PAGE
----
Born Loretta Pleasant in August 1920, the “immortal” Henrietta Lacks was a Virginian woman who received cancer treatment at Johns Hopkins University in the 1950s.
During her treatment, doctors conducted a biopsy of Lacks’ tumor from which they extracted cervical cancer cells. Without her knowledge or consent, the doctors then studied these cells, noting how they divided at a rapid rate and survived much longer than previously studied cancer cells. Because of this unique observation, her cells became known as “immortal.”
Researcher George Gey later extracted more cells from Lacks’ body after her death during an autopsy—again without her family’s knowledge or consent. Her cells were then used in subsequent studies and experiments, eventually becoming the standard for numerous types of biomedical research.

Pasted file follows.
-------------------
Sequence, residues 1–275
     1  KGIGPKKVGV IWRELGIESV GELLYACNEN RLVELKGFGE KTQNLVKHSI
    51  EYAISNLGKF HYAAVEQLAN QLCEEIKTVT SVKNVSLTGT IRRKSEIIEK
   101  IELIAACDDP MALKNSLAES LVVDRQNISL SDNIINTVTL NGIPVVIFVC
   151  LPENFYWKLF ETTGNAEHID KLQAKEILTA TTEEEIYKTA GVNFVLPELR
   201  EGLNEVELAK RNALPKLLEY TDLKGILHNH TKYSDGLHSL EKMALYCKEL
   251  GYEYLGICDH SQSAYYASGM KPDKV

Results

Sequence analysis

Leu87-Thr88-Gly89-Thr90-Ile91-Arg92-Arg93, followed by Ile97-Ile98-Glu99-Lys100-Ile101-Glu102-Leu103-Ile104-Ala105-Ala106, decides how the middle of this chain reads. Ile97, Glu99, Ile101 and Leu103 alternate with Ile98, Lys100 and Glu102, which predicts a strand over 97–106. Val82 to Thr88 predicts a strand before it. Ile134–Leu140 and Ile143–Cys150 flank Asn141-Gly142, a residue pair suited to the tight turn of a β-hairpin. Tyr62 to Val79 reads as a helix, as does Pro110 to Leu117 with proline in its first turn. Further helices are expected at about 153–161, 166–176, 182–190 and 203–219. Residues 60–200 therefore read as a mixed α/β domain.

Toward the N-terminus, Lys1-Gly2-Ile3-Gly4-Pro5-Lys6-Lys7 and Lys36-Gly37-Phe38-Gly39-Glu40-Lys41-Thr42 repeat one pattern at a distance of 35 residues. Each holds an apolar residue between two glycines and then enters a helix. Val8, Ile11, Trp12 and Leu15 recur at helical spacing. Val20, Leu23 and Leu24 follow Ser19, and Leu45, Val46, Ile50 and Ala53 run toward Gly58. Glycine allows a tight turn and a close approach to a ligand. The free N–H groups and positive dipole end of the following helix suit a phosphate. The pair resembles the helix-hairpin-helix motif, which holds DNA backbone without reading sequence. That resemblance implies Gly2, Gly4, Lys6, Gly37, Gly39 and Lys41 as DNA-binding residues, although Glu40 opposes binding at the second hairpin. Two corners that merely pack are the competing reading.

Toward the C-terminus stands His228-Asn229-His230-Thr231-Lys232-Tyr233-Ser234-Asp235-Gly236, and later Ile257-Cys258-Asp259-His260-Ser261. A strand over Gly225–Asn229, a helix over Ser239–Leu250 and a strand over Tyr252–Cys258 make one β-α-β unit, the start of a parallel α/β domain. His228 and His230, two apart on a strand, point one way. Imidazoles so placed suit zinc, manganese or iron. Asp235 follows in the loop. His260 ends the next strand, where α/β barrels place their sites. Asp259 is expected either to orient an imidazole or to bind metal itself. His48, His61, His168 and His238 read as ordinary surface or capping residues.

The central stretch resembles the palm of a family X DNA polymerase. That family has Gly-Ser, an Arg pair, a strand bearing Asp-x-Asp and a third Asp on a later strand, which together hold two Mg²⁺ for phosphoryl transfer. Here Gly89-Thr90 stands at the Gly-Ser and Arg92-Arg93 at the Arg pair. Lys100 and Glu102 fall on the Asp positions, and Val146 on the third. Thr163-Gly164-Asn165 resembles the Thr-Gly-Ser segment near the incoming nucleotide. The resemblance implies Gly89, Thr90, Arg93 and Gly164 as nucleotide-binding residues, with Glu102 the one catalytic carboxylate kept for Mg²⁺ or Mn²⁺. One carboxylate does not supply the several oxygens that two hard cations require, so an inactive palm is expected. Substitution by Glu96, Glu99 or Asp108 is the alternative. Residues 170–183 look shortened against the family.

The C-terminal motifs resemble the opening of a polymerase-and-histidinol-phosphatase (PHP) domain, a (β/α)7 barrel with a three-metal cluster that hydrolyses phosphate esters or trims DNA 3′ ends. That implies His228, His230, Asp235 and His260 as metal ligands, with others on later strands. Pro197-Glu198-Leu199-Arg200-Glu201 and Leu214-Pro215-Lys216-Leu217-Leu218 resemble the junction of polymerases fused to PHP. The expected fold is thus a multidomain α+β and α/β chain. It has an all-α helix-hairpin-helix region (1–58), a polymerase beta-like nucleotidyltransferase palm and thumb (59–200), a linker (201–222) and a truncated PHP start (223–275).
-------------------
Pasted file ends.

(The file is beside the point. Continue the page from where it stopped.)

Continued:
Lacks’ family was unaware of this until the 1970s, after which scientists had produced nearly 20 tons of her cells. Thus, Lacks became immortal in the sense that her genetic material lived on long after her death, replicated in labs all over the globe.
This brings up issues of ethical consent practices and whether it is okay to violate/ignore consent if the information gleaned from research will be inestimably valuable, as HeLa cells led to numerous breakthroughs in medical science.